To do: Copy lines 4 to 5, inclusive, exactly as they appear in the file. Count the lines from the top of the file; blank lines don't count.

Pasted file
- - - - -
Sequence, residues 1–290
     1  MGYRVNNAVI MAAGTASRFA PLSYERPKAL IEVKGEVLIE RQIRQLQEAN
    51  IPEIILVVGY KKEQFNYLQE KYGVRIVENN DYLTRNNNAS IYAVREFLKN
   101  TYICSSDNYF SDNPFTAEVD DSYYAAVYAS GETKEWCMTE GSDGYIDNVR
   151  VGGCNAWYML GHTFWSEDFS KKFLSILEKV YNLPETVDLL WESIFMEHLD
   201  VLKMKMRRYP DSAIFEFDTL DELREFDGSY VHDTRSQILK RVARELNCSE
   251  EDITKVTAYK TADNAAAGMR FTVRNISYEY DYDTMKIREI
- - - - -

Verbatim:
   101  TYICSSDNYF SDNPFTAEVD DSYYAAVYAS GETKEWCMTE GSDGYIDNVR
   151  VGGCNAWYML GHTFWSEDFS KKFLSILEKV YNLPETVDLL WESIFMEHLD